In part 1 of this 2 part post, I described what microservices are and how I have gone about transitioning a 3-tier monolithic application to use a microservices architecture.  If you have not read part 1, I suggest you head back and read that now.  Also, if you have not read my post on building cloud native applications I suggest you check that out as well to better understand the bigger picture of why microservices are important when building cloud applications.

At the end of part 1 we left off with an application that had been broken apart into several microservices all working together to produce the overall experience for the end user.  The architecture looked like this


While this architecture was much more suited for the cloud than our original monolithic architecture, I mentioned that there was still some problems we needed to address.

The first problem has to do with fragility, and as I mentioned in my post about building cloud native applications, fragility is the enemy.  Where is the fragility in this architecture?  Well it is actually between the client side code and the services.  As it stands right now, our client side code has a hard dependency on all the services.  Here is a good example as to why this is bad.  It is very common in microservice applications for the services to evolve.  Typically this involves one microservice growing too large and needing to be split up into two or more new services, but it also might involve a service being completely removed.  When something like this occurs (an it is bound to happen at some point in our application’s lifetime) our client side code is suddenly broken because it is communicating directly with that evolving service.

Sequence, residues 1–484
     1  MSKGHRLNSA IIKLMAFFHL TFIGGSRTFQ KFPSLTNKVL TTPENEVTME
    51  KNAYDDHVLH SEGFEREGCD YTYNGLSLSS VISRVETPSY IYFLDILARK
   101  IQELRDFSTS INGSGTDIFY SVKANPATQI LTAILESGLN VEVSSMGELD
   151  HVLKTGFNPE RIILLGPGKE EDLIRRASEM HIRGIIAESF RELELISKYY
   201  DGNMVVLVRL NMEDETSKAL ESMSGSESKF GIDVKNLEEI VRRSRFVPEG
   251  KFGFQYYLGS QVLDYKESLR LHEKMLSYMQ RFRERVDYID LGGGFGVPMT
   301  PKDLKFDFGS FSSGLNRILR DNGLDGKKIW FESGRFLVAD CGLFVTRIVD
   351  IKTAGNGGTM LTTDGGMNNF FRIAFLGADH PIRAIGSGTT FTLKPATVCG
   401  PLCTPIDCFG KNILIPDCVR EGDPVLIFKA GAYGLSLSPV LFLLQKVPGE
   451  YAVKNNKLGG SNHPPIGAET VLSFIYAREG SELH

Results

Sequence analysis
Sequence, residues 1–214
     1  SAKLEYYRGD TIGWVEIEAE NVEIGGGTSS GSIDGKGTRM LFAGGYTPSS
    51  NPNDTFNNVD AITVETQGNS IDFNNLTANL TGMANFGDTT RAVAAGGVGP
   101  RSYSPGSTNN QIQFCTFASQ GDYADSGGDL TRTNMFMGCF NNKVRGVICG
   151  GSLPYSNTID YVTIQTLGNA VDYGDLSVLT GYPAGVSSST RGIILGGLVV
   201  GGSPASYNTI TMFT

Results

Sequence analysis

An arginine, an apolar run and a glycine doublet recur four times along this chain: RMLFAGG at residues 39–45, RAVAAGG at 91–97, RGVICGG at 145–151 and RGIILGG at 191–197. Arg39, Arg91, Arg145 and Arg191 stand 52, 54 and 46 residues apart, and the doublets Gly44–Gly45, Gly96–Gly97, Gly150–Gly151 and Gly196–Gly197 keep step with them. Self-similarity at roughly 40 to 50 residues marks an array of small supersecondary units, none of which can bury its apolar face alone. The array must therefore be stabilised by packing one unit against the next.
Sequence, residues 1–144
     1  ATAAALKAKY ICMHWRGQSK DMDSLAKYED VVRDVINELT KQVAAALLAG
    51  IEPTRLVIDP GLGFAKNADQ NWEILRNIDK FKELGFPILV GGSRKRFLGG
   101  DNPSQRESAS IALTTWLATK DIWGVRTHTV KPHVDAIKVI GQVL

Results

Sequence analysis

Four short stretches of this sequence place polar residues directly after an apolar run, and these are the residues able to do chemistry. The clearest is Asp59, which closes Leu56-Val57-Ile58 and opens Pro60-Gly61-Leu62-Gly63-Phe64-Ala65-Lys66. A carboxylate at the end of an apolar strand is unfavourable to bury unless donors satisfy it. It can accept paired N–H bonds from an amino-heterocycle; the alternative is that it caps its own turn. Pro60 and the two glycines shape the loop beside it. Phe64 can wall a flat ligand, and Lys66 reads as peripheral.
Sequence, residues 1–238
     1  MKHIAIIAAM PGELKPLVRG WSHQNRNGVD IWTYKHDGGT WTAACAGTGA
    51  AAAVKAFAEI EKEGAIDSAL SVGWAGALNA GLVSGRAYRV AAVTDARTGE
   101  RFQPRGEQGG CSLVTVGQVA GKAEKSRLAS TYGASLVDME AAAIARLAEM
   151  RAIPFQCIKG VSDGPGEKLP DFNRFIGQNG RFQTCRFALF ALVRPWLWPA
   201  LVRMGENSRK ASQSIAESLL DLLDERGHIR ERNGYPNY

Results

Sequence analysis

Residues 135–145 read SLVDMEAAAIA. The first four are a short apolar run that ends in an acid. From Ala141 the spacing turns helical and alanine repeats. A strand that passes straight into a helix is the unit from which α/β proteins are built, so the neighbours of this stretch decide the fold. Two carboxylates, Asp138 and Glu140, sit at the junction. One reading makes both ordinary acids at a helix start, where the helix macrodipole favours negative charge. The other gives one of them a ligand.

A more subtle problem has to do with the type of client communicating with the services.  Take, for example, a desktop and a mobile phone.  The two clients are very different, especially when it comes to network bandwith.  It might be OK for our web app to be making multiple requests to each individual service in order to render the UI when on a desktop browser but on a mobile phone it might be better to make a smaller number of requests and increase the payload response size.

Bottom line is we need something in-between our clients and our services that can provide our clients with an abstraction layer.  For this reason, microservice applications typically have what is called an “API Gateway” that clients use.  If we introduce an API Gateway into our sample application here is what it would look like


In this diagram the API Gateway also serves up the client side code, but that does not have to be the case.  The important part is that the API Gateway knows how to talk to the services and as services evolve we can avoid making changes to the client side code and just let the API Gateway know about the changes to the services.  The API Gateway can also do aggregation of service calls to optimize requests for different types of devices if we need to.

While using an API Gateway is better than having the clients talk directly to the services we can do a little better.  Here is another problem to consider, what happens when we scale a service in this architecture?